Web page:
By Rob Bennett

I often argue in this column that both overvaluation and undervaluation are irrational phenomena. It is my view that the words themselves suggest this. To overvalue something is to misprice it. To undervalue something is to misprice it. The rational thing is to price things properly.

So stock prices should go up by 6.5 percent real per year.

In good economic times. And in bad economic times.

We’re not accustomed to thinking about market prices that way. In the Buy-and-Hold Model, it is economic developments that cause price changes. Positive economic developments give rise to price increases. Negative economic developments give rise to price drops.

Under the Valuation-Informed Indexing Model, it is shifts in investor emotion that give rise to price changes. Economic developments don’t matter (except to the extent that they cause shifts in investor emotion). If you took emotion out of the equation, we would have steady increases of 6.5 percent real or something close to it. In good times. In bad times.

On first consideration, this does not seem to make sense. The intuitive thought is that the market price should be higher when it appears likely that earnings will be higher in coming days and lower when it appears that earnings will be lower in coming days.

I don’t think that the first thought stands up to scrutiny. I think it ultimately makes sense for the market value to increase by a steady 6.5 percent real each year.

The question here is — What is it that the ownership of an index fund share represents? It represents partial ownership of the productivity of the U.S. economy. Should a share in the productivity of the U.S. economy be viewed as more valuable during good times than it is during bad times?

No.

The ownership share does not have a duration of one year or two years or three years. it is a perpetual ownership share.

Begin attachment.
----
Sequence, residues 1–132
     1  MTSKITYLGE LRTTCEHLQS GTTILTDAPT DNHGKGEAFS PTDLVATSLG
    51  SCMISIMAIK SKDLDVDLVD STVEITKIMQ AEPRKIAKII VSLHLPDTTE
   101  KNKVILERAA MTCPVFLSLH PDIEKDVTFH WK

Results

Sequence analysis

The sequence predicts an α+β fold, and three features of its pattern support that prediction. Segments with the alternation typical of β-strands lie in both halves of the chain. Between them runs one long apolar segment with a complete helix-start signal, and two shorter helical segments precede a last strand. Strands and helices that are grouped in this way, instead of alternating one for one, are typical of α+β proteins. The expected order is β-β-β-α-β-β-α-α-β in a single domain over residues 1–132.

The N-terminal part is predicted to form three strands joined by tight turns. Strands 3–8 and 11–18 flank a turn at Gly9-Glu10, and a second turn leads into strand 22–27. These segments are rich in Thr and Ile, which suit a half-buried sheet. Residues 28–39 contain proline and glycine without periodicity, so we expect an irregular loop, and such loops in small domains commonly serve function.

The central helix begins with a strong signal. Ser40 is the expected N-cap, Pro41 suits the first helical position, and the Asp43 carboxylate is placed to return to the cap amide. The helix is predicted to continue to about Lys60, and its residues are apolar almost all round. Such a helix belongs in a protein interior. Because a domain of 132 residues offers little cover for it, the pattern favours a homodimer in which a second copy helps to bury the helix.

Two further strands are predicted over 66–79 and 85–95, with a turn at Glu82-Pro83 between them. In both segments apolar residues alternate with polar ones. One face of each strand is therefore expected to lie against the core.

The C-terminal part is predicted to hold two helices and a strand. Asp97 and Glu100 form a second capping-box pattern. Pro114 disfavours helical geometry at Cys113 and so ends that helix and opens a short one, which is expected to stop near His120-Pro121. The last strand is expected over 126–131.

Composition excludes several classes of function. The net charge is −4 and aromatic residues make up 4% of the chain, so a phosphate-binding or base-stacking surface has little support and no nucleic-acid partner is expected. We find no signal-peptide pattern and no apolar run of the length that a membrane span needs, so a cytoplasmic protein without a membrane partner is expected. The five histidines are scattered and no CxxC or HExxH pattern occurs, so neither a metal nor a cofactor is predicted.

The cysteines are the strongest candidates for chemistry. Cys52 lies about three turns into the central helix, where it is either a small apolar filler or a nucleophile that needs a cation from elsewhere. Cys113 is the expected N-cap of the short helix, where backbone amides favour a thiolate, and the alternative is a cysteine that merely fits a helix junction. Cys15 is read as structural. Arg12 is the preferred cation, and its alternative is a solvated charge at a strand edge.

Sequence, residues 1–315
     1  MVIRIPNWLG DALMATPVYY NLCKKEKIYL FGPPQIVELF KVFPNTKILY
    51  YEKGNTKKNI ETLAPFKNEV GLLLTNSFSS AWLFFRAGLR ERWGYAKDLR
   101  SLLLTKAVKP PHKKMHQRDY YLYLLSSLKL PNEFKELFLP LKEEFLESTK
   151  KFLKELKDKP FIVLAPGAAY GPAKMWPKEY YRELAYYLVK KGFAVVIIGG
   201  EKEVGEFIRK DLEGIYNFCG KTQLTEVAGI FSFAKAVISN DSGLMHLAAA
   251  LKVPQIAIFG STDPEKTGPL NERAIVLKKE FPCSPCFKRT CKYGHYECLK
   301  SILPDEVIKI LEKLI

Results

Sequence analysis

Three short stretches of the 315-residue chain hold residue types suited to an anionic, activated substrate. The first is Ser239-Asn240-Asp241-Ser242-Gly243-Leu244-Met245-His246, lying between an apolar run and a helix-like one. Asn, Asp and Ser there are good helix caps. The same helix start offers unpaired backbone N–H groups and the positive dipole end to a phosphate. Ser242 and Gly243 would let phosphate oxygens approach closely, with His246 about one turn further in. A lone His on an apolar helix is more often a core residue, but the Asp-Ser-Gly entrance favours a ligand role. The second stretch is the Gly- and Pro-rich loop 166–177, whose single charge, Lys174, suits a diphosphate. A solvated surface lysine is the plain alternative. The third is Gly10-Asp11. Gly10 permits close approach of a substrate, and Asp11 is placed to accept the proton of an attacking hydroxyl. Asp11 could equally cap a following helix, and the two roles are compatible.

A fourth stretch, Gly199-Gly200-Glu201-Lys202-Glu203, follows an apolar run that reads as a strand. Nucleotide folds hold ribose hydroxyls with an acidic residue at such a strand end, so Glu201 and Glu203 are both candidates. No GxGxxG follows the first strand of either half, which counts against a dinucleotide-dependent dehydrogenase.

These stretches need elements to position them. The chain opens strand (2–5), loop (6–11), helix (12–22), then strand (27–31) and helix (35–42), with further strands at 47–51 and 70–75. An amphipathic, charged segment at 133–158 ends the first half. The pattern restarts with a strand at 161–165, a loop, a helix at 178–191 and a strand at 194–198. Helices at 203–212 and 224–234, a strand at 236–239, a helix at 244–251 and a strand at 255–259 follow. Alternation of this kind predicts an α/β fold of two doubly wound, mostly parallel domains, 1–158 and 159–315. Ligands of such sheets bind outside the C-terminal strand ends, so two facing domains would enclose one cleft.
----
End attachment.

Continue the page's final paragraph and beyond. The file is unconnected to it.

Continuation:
Good economic times do not increase the productivity of the U.S. economy indefinitely. Productivity has remained sufficiently strong to support an average stock return of 6.5 percent real for as far back as we have records. Each time there were a number of especially good years they were followed by a number of especially bad years. There is no reason to believe that good economic times will in a permanent way increase the value of the ownership share beyond what it has always been in the past.

It is of course possible that the U.S. economy is changing in fundamental ways that will make it more or less productive in the future than it has ever been in the past. The 6.5 percent average long-term return is not written in stone.

But isn’t it the best default bet, given that this number has applied for so many years?

Shouldn’t the best default bet be the one that rational investors use to assign a price to the market?

We humans are emotional creatures. We see good times and we feel better about owning stocks. We push prices up. We see bad times and we feel worse about owning stocks. We push prices down.

But our feelings are not backed up by the economic realities. At least they never have been so far in U.S. history. Over and over again we have pushed prices up in good times only to see them fall enough in bad times to bring the long-term average return back to 6.5 percent real. Over and over again we have pushed prices down in bad times only to see them rise enough in good times to bring the long-term average return back to 6.5 percent real.

Is it rational to continue thinking that good times or bad times make a difference? Wouldn’t the more rational thing be to accept the historical verdict that an ownership interest in the productivity of the U.S. economy is going to pay out a return of about 6.5 percent per year regardless of how the economy happens to be doing at the particular moment? And that different returns become possible only because irrational investors sometimes price stocks higher or lower than their fair-value price?

Rob Bennett says that the Efficient Market Hypothesis is a big bunch of hooey. His bio is here.